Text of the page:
var i = 0;
  var startTime =;
  // Reach the 100 count by recursive setZeroTimeout
  // When 100 is reached, switch to setTimeout to experiment
  function test1() {
    if (++i == 100) {
      var endTime =;
        '100 iterations of setZeroTimeout took ' +
          (endTime - startTime) +
          ' milliseconds.'
      i = 0;
      startTime =;
      setTimeout(test2, 0);
    } else {


  // Reach the 100 count by recursive setTimeout
  function test2() {
    if (++i == 100) {
      var endTime =;
        '100 iterations of setTimeout(0) took ' +
          (endTime - startTime) +
          ' milliseconds.'
    } else {
      setTimeout(test2, 0); }}}Copy the code

The experiment code is very simple, first counting to 100 recursively with setZeroTimeout, the postMessage version, and then switching to setTimeout to count to 100.

In conclusion, the gap is not fixed, but after using traceless mode on my MAC to eliminate plug-ins and other factors, it is about 80 to 100 times the time difference when I count to 100, for example. On my desktop computer, which has better hardware, it’s 200 times more.

The Performance panel

Not enough to just look at cold numbers, let’s open up the Performance panel to see how the postMessage and setTimeout timers are distributed in a more intuitive visualization.

This distribution diagram shows all of the phenomena we mentioned above intuitively. The postMessage version on the left is very densely distributed, completing all counting tasks within about 5ms.

Compared with the setTimeout version on the right, the distribution is sparse, and it can be seen from the time axis above that the interval of the first four executions is about 1ms, and the interval of the fifth execution is more than 4ms.


Some students may ask, what scenario requires a delayless timer? The React source code uses the time slice section.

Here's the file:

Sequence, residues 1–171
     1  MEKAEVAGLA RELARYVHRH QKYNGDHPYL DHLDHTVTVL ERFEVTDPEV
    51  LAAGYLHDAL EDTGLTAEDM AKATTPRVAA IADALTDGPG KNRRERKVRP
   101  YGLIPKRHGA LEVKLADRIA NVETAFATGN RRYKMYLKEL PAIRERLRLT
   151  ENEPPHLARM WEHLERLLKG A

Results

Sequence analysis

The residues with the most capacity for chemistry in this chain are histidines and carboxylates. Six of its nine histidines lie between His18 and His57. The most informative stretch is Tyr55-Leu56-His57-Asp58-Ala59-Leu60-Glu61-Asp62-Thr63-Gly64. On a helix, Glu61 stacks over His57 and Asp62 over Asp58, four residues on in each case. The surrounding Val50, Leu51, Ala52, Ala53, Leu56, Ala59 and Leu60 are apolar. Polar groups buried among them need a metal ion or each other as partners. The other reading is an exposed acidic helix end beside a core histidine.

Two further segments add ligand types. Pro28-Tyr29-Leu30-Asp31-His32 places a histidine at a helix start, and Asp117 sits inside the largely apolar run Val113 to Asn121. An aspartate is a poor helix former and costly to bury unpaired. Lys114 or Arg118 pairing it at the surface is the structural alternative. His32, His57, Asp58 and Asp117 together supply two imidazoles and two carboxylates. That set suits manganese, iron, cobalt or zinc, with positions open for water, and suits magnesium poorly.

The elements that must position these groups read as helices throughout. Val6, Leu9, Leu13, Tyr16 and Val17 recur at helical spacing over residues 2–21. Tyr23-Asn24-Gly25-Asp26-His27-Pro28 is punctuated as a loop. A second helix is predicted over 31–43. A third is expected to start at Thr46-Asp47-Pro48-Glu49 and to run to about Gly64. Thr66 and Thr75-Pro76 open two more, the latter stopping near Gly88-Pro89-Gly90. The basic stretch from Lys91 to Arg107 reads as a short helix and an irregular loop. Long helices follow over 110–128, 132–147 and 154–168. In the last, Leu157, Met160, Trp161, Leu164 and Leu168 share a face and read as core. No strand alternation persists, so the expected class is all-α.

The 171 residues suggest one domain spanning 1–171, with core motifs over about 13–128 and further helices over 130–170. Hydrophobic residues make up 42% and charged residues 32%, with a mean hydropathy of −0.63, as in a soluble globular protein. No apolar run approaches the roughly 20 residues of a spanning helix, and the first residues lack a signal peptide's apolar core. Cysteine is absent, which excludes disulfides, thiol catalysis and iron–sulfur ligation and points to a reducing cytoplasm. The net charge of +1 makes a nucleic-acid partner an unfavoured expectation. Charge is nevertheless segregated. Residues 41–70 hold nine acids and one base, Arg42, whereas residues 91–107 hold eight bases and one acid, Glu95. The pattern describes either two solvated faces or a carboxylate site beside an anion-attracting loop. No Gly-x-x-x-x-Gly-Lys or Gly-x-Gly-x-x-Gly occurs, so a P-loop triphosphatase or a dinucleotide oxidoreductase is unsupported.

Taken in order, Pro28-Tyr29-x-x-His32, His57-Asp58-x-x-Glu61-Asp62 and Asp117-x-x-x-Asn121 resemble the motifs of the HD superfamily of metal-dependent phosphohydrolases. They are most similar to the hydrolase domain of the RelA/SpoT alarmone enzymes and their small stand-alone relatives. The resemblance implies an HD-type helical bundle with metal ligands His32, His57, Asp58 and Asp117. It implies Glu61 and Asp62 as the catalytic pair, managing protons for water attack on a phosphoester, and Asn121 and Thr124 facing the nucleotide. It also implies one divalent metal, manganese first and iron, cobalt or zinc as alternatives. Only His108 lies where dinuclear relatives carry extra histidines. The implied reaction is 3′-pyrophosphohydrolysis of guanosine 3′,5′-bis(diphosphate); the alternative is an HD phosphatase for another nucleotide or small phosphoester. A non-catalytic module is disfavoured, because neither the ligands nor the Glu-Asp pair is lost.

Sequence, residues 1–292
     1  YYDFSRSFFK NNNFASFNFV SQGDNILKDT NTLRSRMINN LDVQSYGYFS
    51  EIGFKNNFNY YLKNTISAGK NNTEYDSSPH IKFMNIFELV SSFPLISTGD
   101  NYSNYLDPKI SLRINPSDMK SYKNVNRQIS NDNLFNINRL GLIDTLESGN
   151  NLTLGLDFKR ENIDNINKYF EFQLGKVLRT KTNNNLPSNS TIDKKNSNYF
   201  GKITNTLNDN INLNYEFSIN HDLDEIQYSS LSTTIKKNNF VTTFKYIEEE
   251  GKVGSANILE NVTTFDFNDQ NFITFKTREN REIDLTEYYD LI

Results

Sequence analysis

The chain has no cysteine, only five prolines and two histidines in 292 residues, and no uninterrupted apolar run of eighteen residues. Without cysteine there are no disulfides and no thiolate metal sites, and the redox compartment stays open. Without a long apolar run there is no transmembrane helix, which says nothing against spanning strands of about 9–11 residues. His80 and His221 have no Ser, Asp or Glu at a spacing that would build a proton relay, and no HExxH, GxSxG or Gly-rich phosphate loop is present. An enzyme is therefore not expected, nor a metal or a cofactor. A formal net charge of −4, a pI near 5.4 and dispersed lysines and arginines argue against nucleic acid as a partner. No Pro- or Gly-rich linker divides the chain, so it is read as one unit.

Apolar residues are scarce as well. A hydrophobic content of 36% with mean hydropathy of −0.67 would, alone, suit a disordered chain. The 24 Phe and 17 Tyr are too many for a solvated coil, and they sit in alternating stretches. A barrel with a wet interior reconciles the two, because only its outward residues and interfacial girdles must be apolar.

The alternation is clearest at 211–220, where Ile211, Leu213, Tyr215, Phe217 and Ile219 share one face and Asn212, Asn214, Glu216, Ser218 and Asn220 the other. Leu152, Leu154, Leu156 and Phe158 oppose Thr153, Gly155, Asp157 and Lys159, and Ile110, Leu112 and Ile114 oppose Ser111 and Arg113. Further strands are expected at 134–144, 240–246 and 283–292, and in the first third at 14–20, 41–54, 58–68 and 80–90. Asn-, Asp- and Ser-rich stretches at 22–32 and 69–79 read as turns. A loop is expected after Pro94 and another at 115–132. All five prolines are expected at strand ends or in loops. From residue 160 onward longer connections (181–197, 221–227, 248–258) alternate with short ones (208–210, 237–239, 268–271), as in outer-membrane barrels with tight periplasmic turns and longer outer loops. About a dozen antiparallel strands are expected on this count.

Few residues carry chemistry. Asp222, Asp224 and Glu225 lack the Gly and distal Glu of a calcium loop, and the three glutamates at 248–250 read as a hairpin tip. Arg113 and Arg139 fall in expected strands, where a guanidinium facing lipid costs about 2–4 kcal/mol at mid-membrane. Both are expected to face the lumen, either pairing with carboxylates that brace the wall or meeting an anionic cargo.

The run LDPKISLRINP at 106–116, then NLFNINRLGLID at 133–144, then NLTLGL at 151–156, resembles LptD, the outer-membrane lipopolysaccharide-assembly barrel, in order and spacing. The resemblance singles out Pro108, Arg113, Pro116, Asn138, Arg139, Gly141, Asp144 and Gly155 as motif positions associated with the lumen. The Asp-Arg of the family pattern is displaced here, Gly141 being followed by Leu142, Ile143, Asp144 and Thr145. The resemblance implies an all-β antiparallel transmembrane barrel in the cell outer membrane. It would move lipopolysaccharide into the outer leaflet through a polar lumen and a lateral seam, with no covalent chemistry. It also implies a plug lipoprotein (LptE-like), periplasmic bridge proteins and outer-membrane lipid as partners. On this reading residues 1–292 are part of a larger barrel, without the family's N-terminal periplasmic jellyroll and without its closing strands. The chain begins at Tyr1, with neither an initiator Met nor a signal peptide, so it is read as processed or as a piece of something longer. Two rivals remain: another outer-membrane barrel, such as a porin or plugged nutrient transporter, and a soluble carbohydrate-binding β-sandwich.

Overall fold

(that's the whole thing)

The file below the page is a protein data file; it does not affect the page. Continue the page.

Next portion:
React Scheduler uses MessageChannel to implement a piece of pseudocode from this article:

const channel = new MessageChannel();
const port = channel.port2;

// Each port.postmessage () call adds a macro task
// The macro task is to call the scheduler.scheduletask method
channel.port1.onmessage = scheduler.scheduleTask;

const scheduler = {
  scheduleTask() {
    // Pick a task and execute it
    const task = pickTask();
    const continuousTask = task();

    // If the current task is not completed, the next macro task continues
    if (continuousTask) {
      port.postMessage(null); }}};Copy the code

React splits tasks into many pieces, allowing the browser main thread to take back control of more priority rendering tasks (such as user input) by handing them over to postMessage’s callback function.

Why not perform microtasks that are more timely? The key to understanding EventLoop’s relationship to browser rendering, frame animation, and idle callbacks is that the microtask is executed before rendering, so that even if the browser has an urgent render task, it has to wait for the microtask to finish rendering.


Through this article, you can probably understand the following points:

  1. setTimeout4ms delay historical reasons, specific performance.
  2. How to usepostMessageImplement a true 0 delay timer.
  3. postMessageThe application of timer in React time slice.
  4. Why time slice needs macro tasks instead of micro tasks.